And again, the number of authors who generate that kind of excitement are few. Word of mouth is too chancy. How do you get your book the hearing — or viewing — it deserves? There are some exceptions, but most authors think that everyone in the world will want to read their book. Get over that, and focus on who really will read your book. If your book is about careers after college, you might target college seniors.
If your book is about the conflicts between Armenians and Turks, you might target the Diaspora in the US. If your book is about new trends in IT, you might target heads of IT departments at major corporations. And so on. The point is to figure out who actually will read your book. This one will be controversial because some people have done very well launching their book for free.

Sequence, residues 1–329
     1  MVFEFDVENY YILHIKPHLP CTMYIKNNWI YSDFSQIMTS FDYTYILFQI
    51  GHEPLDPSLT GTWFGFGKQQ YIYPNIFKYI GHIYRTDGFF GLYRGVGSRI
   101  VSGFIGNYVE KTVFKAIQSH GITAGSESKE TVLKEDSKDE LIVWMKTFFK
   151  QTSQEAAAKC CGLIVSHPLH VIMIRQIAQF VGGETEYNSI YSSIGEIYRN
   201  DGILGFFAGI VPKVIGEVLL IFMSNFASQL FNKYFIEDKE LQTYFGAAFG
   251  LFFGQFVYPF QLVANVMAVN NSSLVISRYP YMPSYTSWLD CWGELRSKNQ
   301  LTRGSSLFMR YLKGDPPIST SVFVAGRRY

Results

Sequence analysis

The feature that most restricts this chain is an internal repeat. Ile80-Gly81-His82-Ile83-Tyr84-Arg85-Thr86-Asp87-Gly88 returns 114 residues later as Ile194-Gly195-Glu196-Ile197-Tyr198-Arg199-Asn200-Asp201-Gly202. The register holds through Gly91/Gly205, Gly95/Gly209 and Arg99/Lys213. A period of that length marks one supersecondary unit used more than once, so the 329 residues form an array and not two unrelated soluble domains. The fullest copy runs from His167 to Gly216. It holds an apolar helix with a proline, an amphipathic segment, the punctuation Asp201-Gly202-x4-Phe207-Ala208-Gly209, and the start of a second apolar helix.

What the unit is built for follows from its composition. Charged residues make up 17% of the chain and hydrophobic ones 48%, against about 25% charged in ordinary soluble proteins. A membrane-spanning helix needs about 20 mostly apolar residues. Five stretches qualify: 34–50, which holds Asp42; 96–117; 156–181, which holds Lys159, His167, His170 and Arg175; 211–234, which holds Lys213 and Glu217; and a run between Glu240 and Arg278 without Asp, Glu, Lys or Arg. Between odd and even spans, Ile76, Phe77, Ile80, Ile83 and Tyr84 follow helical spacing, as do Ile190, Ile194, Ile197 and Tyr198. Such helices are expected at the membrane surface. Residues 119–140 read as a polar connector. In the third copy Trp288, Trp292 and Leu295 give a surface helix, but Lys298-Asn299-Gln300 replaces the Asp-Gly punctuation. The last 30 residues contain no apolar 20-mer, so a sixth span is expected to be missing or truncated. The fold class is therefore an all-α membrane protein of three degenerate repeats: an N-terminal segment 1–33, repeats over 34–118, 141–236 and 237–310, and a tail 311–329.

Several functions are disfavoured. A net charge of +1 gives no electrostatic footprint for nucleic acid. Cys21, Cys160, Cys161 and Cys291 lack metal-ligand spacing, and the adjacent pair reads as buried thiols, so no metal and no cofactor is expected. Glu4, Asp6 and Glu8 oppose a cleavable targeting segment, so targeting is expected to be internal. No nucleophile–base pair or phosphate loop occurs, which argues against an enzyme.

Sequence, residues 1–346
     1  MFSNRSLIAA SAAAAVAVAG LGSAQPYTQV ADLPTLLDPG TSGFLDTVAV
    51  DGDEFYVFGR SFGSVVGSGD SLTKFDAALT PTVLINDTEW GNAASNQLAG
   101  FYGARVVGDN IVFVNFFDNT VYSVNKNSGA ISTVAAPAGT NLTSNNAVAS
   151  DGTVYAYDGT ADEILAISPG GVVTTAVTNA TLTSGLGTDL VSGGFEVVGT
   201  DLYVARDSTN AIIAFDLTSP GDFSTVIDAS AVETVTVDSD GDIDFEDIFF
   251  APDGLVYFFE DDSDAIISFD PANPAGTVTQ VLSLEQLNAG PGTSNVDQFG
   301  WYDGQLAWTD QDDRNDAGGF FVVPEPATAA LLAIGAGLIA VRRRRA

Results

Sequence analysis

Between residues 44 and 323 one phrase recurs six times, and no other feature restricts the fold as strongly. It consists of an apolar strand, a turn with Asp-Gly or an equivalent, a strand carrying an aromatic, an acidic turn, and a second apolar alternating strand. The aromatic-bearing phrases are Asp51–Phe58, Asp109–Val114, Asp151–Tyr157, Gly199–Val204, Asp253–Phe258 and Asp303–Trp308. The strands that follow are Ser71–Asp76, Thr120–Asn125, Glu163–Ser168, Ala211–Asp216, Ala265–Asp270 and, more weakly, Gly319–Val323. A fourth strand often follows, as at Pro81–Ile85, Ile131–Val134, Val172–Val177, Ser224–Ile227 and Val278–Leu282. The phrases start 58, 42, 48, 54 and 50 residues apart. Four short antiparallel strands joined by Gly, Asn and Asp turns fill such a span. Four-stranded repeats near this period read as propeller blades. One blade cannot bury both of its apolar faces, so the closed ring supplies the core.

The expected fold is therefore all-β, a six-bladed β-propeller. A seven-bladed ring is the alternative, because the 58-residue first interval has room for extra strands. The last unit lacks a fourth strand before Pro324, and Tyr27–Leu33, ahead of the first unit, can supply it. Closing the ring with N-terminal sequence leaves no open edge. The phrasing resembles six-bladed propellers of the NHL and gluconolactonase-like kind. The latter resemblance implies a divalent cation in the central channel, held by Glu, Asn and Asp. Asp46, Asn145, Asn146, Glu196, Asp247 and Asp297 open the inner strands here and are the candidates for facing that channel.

They make the price free for the first few days and hope to get thousands of downloads. I tried this on my first two books and hated the results. Very few people ever leave a review for a book, maybe one in every readers. Another reason why I hate the free book launch process is because Amazon has two different ranking scales for free and paid books.
Your free book launch might do very well, vaulting you to a top spot in your category…but on the free ranking scale. Once you change the price, you move to the paid rankings and lose all your momentum. If you can use your book as a way to persuade people to buy other products or services, a process called a sales funnel, you might do very well offering it for free.